What is a general concept that you might do that would be different from the norm?
When people talk about concept videos, their concept is pretty wack. I’m all about creating stories on the song. If I listen to the song I visual the scenario in which it plays out and it doesn’t involve women in thongs or rolling around in a rented Bentley. I look at videos as a way to make mini movies and that’s the way I would approach it. It would only work with a real hiphop artist but a long time ago I had an idea of doing a hiphop video based on the movie Highlander. Instead of pulling out swords, they’re pulling out mics from their coat. It would have worked seven years ago but the cats on the radio right now aren’t fresh enough to deal with that concept.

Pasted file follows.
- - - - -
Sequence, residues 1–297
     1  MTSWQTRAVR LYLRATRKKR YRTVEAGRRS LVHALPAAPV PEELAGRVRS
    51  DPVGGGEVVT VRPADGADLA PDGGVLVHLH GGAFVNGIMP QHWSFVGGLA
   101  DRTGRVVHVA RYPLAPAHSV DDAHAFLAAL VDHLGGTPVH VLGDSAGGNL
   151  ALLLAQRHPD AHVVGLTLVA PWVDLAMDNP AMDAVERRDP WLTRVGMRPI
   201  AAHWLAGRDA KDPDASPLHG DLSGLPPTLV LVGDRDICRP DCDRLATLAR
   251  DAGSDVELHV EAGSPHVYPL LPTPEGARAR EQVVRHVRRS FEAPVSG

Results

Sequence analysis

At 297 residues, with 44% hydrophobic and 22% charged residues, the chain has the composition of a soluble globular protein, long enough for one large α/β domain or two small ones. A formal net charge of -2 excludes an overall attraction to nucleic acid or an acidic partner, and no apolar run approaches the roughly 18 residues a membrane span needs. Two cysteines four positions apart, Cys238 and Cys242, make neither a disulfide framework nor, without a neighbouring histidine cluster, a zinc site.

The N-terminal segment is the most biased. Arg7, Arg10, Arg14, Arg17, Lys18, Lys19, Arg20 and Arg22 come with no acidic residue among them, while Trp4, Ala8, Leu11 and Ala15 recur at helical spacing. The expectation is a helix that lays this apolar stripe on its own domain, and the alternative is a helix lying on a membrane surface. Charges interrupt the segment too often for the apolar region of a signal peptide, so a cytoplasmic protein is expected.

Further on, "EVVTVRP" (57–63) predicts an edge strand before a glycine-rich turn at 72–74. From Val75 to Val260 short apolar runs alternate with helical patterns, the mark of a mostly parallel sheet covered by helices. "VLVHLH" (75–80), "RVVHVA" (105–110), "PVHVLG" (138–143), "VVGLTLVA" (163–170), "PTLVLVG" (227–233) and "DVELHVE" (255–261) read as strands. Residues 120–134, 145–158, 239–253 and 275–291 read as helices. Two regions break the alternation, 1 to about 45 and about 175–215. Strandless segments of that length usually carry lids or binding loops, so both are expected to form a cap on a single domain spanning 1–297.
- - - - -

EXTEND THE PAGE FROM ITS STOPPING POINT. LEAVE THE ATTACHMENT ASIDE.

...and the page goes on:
What’s your feel on the hiphop scene right now?
It’s hurting man. Hiphop used to be so fresh and so live. What the fuck happened? What happened to when every single you heard you wanted to call it a classic. Back in the day in order to get put on you had to be different. A lot of the cats now getting in the rap game don’t [even] know how to write. They don’t have command of the English language.
Say you had a choice to make a super hero either out of Oprah or R. Kelly. Who would you choose and what powers would you give them?
Oprah, [but] Oprah wouldn’t have any powers though she would be the top of a super secret organization. She would be like Q of the James Bond movies.